Died secondary to asthma Known asthmatic in difficult workout ?Complicated by ephedra use


34 Cardiac Problems Cardiac Etiology Sudden cardiac death
Arrhythmia of unknown etiology Hypertrophic cardiomyopathy Commotio cordis/cardiac concussion (hockey and baseball) Coronary artery disease in coaches and referees*


36 Cardiac Interventions
CPR if AED is not right there AED – know where it is at all times and have nearby at events Practice run getting the AED Trauma scissors Manual defibrillator (EMS) Time to shock is critical!

37 Cardiac Interventions
Every minute that passes, there is a 10% decrease in chance of survival. 90% chance of survival at 1 minute 50% chance at 5 minutes 10% chance of survival if the initial shock is delivered 9 minutes after the cardiac arrest occurred Don’t wait for EMS


39 2005 Jiri Fisher Collapsed on the ice Saved with CPR and AED
Key was a rapid response to a true life threatening emergency Etiology was underlying arrhythmia


41 1996 Polish Chef de Mission Opening Ceremony 1996 Olympic Games
Cardiac arrest on the field of play 10,000 athletes / worldwide TV audience Defibrillated on the FOP and intubated Transported with return of vital signs Subsequent death in the hospital


43 2011 Al Schmidt at UGA Mississippi State track official Known CAD
At SEC Track meet on UGA campus Witnessed cardiac arrest Well practiced EAP AED on site in 2 minutes Survived to discharge neuro intact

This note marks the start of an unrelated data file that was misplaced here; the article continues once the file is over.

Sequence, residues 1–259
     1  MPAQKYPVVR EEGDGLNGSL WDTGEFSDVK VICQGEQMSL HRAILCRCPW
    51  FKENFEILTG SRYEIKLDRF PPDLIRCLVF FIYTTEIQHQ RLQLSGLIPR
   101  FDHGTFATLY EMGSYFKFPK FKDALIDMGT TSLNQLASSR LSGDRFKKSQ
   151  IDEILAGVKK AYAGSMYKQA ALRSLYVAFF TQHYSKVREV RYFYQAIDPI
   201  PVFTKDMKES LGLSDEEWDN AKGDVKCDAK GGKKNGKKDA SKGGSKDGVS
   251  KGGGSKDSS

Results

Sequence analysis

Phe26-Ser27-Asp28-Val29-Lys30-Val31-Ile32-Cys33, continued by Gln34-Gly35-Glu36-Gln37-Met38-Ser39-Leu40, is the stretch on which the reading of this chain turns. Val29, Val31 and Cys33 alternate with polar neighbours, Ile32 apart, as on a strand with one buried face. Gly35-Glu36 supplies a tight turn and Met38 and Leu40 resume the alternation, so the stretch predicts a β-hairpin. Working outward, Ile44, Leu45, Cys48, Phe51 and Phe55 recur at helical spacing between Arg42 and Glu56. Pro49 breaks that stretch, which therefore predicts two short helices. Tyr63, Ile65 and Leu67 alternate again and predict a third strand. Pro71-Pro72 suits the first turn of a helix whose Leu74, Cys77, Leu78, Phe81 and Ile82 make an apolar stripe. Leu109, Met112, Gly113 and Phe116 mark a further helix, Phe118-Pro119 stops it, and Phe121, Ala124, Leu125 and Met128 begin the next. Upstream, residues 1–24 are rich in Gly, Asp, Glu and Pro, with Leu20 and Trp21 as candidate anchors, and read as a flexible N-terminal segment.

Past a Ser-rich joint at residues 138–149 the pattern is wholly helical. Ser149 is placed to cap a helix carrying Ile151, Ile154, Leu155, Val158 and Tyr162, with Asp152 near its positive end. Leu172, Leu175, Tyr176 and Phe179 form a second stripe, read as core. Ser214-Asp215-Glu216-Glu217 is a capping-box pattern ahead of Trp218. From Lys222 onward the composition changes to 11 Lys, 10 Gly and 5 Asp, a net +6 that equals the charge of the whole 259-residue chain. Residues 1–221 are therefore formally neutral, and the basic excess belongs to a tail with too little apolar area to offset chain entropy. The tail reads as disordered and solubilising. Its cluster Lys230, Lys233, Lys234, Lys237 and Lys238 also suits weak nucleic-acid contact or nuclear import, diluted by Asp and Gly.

45 Other serious cardiac events
1988 – Pete Maravich(NBA) congenital coronary artery 1990 – Hank Gathers(NCAA) HCM 1993 – Reggie Lewis(NBA) HCM 1998 – Chris Pronger(NHL) commotio 2003 – Marc Vivien-Foe(soccer) SCD 2004 – Sergei Zholtok(NHL) HCM

46 Other serious cardiac events
2005 – Jaxon Logan(NCAA) commotio 2005 – Thomas Herrion(NFL) HCM/CAD 2007 – Damien Nash(NFL) arrhythmia of unknown etiology 2007 – Antonio Puerta(soccer) SCD 2011 – Wes Leonard(BB) SCD/?HCM

47 Circulation Problems Abdominal Trauma/Hemorrhage
Splenic or liver injury Don’t confuse with dehydration High index of suspicion Life/limb threatening hemorrhage Two large bore IV’s Load and go (nearest appropriate facility)

48 2006 Chris Simms September game vs Panthers Multiple hard hits
No specific complaint of LUQ pain Treated for dehydration Ruptured spleen Surgery at St. Joe’s Hospital (< 1 mile)


50 1989 Clint Malarchuk NHL goalie with skate to the neck
Life threatening hemorrhage Direct pressure and rapid transport Went directly to OR for vascular surgery and survived


52 Circulation Problems Sickle Cell Trait
- easy to diagnosis with a simple screening blood test - 10 known deaths since 2000 - 8-10% of black population - NATA policy statement - NCAA ?mandatory testing

53 Circulation Problems Sickle Cell Trait - Identify high risk activities
- common in off- or pre-season - monitor first few workouts - ease into preseason conditioning - SCT muscle pain and weakness - dehydration cramps/”locking up”

54 2008 Ereck Plancher Collegiate athlete with known sickle cell trait
Off-season program Strenuous workout Exhibited difficulty Died on the field

55 Sickle Cell Trait - deaths
Preston Birdsong –TTU 2000 DeVaughn Darling – FSU 2001 Aaron Richardson – BGU 2004 Aaron O’Neal – Missouri 2005 Dale Lloyd – Rice 2006 Chad Wiley – NC A&T 2008 Ja'Quayvin Smalls – 2009 WCU Bennie Abram – 2010 Ole Miss

56 Cervical Spine Injury

57 Cervical Spine Immobilization
Clinical decision Standardize approach and procedure Have unencumbered airway access Don’t assume that EMS knows what to do – you teach them how you want it done and practice before the season (NATA video)


59 Spinal Cord Injury Treatment “Options”